Physicians' Academy for Cardiovascular Education

Heavy alcohol consumption associated with more arterial stiffness

Twenty-Five-Year Alcohol Consumption Trajectories and Their Association With Arterial Aging: A prospective Cohort Study

O’Neill D, Britton A, Brunner EJ, et al. - J Am Heart Assoc. 2017;6:e005288


It is suggested that moderate levels of alcohol intake decrease the risk of cardiovascular disease, however underlying mechanisms are not fully understood, nor the impact of changes in drinking levels over time [1]. Prior research suggests that the association between alcohol consumption and pulse wave velocity (PWV), a measure of arterial stiffness, follows a U-/J-shaped relationship [2-5].

Studies that have examined this association have predominantly relied on cross-sectional data, which mask longitudinal variability in consumption levels and hinder comparisons of former drinkers and non-drinkers [1,6]. Moreover, short-and long-term patterns of alcohol intake may have divergent effects on PWV [7].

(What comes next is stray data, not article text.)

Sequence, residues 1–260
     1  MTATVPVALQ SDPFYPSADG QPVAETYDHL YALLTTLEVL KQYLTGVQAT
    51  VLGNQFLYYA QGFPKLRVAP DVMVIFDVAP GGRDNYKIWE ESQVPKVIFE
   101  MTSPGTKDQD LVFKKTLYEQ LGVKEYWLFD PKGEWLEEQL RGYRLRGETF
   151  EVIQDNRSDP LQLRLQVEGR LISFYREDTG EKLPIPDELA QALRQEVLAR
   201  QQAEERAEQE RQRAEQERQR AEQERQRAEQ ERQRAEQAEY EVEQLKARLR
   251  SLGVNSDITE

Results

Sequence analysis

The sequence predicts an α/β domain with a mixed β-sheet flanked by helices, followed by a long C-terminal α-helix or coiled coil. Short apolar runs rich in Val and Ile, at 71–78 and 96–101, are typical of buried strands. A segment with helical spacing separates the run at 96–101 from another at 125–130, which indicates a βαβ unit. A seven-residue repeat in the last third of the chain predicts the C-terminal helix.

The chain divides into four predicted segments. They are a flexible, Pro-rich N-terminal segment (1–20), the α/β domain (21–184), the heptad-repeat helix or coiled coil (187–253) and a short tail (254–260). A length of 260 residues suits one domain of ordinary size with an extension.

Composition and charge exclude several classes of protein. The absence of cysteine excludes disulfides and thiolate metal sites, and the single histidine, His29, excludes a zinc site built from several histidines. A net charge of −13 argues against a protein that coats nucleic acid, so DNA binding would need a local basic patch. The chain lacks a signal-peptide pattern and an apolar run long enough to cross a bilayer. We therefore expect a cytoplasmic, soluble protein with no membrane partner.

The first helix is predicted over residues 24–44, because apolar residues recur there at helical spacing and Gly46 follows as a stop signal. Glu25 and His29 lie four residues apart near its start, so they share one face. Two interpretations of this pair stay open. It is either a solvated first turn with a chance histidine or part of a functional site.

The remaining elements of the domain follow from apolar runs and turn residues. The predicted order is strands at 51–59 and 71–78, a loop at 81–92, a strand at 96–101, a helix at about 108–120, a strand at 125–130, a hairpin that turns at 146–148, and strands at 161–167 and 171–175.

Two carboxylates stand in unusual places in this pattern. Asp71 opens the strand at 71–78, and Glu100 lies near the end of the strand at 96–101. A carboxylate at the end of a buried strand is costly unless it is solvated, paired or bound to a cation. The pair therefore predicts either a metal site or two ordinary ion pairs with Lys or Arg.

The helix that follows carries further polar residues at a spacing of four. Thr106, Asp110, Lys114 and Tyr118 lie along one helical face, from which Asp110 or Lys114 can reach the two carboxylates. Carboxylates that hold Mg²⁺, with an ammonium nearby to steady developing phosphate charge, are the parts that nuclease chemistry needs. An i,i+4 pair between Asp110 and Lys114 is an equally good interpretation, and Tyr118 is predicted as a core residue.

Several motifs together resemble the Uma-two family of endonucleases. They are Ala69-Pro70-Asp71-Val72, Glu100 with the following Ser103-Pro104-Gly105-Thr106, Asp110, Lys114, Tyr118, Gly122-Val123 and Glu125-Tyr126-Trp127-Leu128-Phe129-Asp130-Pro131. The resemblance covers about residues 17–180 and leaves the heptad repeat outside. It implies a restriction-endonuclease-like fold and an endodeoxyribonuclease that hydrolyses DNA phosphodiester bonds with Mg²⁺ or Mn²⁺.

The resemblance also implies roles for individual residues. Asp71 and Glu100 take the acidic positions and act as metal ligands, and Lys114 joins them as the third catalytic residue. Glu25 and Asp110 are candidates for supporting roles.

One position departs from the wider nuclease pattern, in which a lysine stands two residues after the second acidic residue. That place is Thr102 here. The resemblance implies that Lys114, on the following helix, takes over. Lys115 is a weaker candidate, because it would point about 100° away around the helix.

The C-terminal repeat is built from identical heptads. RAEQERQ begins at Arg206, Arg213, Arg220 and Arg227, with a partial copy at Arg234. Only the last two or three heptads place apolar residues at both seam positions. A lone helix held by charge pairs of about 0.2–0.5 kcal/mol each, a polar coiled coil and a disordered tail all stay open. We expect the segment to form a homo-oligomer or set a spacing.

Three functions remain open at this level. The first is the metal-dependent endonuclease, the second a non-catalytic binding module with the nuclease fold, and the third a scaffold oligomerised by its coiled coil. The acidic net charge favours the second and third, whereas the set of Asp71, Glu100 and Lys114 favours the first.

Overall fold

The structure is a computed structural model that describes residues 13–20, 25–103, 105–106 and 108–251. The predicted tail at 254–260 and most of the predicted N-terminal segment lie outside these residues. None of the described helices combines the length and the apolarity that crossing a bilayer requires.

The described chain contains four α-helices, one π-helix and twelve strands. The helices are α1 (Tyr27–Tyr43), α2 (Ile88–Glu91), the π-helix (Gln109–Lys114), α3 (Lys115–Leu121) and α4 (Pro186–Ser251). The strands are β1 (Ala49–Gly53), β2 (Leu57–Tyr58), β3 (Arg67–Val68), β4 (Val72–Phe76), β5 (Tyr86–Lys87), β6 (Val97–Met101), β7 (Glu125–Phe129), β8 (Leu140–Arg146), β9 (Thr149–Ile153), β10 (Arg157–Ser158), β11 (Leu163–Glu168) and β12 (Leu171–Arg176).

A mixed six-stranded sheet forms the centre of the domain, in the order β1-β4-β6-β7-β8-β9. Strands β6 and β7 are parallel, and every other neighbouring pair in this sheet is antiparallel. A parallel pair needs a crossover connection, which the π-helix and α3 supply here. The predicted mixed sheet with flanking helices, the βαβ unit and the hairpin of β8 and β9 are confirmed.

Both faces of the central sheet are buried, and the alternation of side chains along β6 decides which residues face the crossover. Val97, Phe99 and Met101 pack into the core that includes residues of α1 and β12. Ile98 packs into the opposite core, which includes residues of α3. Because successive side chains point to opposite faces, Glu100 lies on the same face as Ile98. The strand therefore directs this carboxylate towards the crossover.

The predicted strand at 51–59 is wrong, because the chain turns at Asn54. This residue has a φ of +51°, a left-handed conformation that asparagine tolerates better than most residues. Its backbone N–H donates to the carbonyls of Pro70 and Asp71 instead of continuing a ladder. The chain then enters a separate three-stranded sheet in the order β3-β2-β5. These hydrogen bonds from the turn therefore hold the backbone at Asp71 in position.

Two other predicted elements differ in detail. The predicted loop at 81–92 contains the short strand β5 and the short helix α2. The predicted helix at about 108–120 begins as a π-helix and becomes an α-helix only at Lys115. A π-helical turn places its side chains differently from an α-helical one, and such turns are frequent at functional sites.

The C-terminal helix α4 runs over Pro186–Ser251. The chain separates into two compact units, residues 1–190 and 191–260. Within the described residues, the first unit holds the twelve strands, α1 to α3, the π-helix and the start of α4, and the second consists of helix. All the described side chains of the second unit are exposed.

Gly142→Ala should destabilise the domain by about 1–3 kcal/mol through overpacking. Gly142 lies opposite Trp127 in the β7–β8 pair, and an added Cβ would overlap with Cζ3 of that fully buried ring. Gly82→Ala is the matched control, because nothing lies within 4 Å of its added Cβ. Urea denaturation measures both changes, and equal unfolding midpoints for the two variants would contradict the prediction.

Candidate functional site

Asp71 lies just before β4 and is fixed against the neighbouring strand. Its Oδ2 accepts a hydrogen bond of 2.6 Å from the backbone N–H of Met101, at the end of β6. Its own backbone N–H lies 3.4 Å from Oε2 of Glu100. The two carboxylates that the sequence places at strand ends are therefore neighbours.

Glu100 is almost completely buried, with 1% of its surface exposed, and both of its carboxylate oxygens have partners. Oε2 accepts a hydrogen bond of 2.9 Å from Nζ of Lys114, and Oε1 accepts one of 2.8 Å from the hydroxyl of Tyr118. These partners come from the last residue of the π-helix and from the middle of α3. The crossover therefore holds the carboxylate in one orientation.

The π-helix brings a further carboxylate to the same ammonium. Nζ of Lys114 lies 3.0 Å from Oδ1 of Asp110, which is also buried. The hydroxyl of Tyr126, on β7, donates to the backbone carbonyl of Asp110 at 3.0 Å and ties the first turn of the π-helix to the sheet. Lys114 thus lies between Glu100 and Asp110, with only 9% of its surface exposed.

Using repeating alcohol assessments that include data of more than 2 decades (obtained from the Whitehall II cohort study, 3 869 UK civil servants analysed for this study and recruited between 1985-1988), this study aimed to accurately capture the complexity of how drinking behaviour is associated with arterial stiffness. Primary aims were to determine whether long-term patterns of alcohol consumption are independently associated with baseline assessment of PWV and with longitudinal change in PWV. A secondary aim was to determine whether short-term intake levels showed comparable results. 73.7% of the analysed individuals were male and age ranged from 34-56 years. Last follow-up was in 2012-2013.

Main results


This prospective data from 25 years of alcohol consumption revealed that male heavy drinkers had significantly higher baseline PWV than male moderate consumers, meaning high CV risk for these individuals. Furthermore, all drinker types, regardless of gender, showed increases in their PWV from baseline across a subsequent 4-5 year interval, but only male former drinkers showed significantly accelerated progression.


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